Final Project – Remote Controlled Treasure Hunt Game


My project was to implement a remote controlled treasure hunt game. The goal of the game was to collect the largest number of treasures given a fixed period of time by grabbing and dropping the treasures on the colored paper that matched the color of the treasure. The core of the implementation was to realize a duplex Bluetooth communication link between the controller NXT brick and the robot NXT brick.

Design Concept

The project required the use of four NXT bricks; two to serve as master bricks or remote controls and the other two as slave bricks or drones for the hunt. The master bricks read bytes from an NXT numeric pad and transmitted the values read via Bluetooth. I obtained the code for reading from the numeric pad from the sample code in the RobotC IDE and converted the values read into function calls. That was implemented using a switch case. The remotes for the treasure hunt comprised of an NXT brick and an NXT numeric pad connected via a cable. During the early stages of my project, I realized that the structure of a Tribot (regular blueprint for building robots for tasks that require grabbing) was inefficient in it’s grabbing and holding mechanisms. To solve this problem, I constructed a castor bot. The castor bot’s grabbing mechanisms featured a motor turned horizontally. This implied direct control over the claws as opposed to the vertically inclined third motor of the tribot that required gears. However, the gears of the tribot would sometimes slip or rub against each other and render the claw moving mechanism useless. Figure 1 shows the first remote control and robot constructed as part of the testing process.


Figure 1. Controller 1 and Drone 1

To allow the robots sense the color of the treasure items and the color of dropping zones, each robot was fitted with two color sensors. One attached horizontally to detect the color of imminent treasures. The other was attached vertically, to detect the color of dropping zones. Figure 2 shows a horizontally attached color sensor.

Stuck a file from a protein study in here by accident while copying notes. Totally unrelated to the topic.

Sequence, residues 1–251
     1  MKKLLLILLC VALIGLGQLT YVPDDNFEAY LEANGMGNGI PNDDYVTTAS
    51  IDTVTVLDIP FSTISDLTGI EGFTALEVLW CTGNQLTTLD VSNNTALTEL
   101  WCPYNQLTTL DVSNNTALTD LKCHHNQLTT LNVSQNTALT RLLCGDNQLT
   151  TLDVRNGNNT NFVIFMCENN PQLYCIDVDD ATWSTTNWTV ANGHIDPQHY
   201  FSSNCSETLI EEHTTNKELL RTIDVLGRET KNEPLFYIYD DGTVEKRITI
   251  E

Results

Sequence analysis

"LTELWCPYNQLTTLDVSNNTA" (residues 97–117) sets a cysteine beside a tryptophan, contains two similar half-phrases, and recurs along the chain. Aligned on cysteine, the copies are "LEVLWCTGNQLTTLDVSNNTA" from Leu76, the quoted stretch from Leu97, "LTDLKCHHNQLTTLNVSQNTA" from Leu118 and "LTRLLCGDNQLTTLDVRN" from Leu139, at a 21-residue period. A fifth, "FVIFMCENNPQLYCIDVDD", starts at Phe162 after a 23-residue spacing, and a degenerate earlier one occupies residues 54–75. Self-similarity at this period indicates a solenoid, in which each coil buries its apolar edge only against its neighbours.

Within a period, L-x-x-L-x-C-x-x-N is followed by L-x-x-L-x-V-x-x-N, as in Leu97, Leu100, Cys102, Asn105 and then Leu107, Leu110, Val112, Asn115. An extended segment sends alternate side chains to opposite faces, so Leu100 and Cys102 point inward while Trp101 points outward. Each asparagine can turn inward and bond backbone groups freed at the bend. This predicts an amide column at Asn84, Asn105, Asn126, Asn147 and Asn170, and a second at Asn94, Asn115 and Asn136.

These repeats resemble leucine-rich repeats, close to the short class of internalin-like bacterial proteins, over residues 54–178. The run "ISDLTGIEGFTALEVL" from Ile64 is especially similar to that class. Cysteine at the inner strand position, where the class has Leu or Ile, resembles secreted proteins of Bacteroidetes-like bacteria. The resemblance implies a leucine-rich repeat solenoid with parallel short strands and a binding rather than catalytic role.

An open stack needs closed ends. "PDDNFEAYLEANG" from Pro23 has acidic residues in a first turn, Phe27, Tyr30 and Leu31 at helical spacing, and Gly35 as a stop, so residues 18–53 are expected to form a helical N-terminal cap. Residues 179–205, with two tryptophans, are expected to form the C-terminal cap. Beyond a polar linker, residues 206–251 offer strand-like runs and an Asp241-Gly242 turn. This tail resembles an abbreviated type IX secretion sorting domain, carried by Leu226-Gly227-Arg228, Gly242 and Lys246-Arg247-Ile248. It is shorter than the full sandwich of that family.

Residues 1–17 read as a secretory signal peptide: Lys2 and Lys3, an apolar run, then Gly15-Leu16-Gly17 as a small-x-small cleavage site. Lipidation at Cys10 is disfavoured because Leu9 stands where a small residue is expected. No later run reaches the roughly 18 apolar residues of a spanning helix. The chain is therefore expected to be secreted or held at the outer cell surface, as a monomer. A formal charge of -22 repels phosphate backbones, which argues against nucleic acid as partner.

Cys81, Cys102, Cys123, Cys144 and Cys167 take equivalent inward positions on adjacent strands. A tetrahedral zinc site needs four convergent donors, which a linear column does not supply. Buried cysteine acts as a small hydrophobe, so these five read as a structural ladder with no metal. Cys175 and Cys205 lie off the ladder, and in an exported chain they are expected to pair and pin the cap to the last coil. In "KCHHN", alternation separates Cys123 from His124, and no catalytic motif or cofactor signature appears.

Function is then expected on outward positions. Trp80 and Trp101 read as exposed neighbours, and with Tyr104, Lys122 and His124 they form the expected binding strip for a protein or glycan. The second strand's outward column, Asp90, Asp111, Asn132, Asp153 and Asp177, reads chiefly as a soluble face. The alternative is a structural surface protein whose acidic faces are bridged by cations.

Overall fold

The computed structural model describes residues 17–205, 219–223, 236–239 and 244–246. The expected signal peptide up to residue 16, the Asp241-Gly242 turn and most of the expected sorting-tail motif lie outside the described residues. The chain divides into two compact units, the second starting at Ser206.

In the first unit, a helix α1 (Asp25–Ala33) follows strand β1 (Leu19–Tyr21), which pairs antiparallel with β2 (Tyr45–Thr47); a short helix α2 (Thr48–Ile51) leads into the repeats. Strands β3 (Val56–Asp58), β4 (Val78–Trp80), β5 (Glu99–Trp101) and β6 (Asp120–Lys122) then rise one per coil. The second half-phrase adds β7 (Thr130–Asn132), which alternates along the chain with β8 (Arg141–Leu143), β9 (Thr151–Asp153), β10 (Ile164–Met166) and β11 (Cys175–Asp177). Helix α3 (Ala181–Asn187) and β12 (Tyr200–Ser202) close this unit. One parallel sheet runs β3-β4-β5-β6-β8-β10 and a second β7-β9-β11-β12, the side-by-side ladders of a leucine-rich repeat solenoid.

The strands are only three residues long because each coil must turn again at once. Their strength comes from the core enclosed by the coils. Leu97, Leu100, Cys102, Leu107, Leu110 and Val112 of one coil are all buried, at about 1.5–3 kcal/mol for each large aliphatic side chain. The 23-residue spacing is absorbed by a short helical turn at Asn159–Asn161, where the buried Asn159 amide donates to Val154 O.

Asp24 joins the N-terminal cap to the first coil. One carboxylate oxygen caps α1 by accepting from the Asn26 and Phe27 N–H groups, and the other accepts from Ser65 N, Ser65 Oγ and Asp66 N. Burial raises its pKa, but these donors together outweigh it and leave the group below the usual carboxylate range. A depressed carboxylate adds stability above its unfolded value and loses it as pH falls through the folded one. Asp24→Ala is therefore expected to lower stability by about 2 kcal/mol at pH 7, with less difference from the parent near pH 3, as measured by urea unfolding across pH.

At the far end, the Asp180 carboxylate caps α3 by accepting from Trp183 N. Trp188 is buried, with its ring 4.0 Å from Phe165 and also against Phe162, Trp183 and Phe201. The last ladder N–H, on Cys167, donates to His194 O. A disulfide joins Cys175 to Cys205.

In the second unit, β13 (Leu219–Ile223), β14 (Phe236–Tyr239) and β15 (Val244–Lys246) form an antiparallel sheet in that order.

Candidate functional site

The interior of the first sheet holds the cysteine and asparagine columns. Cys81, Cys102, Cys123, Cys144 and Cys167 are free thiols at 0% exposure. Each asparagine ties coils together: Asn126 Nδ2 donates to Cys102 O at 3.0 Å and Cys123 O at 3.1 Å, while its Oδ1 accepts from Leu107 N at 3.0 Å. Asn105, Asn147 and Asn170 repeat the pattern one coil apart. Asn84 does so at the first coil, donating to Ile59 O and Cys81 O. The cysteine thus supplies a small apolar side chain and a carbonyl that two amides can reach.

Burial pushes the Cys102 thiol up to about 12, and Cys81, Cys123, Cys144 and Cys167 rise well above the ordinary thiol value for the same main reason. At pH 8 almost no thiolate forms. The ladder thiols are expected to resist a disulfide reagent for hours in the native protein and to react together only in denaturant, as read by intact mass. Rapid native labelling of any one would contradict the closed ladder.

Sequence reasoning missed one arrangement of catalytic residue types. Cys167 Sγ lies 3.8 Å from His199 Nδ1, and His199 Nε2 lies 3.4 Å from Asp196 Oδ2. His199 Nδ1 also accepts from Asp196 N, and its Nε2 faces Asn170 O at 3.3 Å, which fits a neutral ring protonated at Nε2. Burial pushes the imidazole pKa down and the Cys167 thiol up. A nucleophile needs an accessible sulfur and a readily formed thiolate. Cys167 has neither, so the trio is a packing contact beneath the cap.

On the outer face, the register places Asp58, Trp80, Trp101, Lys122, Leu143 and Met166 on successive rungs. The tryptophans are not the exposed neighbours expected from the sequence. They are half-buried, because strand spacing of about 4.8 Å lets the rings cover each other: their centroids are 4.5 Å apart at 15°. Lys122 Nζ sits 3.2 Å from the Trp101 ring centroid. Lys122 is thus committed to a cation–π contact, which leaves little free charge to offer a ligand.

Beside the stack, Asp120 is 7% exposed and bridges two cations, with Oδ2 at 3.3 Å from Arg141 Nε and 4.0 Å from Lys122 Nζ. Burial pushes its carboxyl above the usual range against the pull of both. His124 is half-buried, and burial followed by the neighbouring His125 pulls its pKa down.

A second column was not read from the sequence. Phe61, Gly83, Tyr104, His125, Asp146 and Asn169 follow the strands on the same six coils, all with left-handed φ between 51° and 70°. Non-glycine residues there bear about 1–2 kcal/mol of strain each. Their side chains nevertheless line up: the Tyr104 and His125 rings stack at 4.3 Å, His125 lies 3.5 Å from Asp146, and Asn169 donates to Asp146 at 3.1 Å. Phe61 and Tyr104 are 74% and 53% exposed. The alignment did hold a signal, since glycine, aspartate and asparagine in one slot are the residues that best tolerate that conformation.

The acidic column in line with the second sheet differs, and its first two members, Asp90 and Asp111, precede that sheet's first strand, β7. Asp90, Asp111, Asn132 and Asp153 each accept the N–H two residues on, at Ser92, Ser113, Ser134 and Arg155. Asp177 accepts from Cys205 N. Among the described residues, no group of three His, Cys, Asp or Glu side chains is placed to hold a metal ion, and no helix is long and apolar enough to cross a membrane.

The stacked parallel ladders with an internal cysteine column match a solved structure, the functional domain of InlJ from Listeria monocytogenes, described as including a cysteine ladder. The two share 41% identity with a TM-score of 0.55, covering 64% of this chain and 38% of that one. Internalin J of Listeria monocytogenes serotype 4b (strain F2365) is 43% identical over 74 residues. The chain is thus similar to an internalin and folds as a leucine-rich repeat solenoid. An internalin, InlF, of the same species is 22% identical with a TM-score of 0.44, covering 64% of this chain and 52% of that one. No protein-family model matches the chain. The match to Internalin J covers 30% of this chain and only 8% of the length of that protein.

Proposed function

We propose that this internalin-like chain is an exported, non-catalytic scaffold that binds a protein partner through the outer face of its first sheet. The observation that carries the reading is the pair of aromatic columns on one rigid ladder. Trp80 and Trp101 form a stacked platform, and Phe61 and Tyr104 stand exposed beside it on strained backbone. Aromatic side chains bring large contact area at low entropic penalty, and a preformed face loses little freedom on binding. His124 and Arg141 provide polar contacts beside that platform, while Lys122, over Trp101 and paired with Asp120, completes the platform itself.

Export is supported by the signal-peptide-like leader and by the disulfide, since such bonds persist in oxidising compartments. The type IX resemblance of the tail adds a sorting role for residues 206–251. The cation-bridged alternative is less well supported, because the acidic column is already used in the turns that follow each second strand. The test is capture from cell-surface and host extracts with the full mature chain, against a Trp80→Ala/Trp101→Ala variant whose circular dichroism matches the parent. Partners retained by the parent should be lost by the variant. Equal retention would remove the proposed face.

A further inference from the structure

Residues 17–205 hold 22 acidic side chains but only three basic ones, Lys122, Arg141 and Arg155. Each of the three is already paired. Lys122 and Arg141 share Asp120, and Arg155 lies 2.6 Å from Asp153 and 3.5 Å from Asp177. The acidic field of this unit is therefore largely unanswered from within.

Figure 2. Horizontal Color Sensor


From the paragraphs above, the components required for this project were, two NXT bricks for remote controls, two NXT bricks for drones used in gathering and four color sensors (two for each drone) to detect treasures. The treasures consisted of bottles wrapped in colored paper. During the implementation and testing phase, I noticed a flaw that Dr. Korsah re-established or also drew my attention to. The drones moved at a power of approximately 30 and thus would lead to a very slow game. To counter this finding, I implemented a method and initialized two attributes in the code that was to run on the drone brick. These attributes were gear and power. The gear attribute was merely an integer that stored the values 1 to 4 depending on the motor power and the rotation realized. The power attribute was an integer that stored values 30 to 100. To achieve acceleration, I read the encoder values of one of the motors during a call to the accelerate function and depending on the value, gear and power would either increase or decrease. The result was a drone that increased in acceleration after a meter of movement. Furthermore, to make the game more interactive and interesting, I ensured that all readings made on the drone robot were sent back to the controller. This included speed or acceleration and colors from the color sensors. This allowed a player to move and pick objects without having to pay too much attention to the color of the object being picked. To ascertain who wins at the end of the given time period, a counting algorithm was implemented on the drone and the results sent back to the master for viewing. The counting algorithm was built on the idea that if the color of the treasure item matched that of the dropping zone, the corresponding color count should increase by one. This made the game fun and meant a player didn’t have to manually count the number of items he or she collected at the end of the game.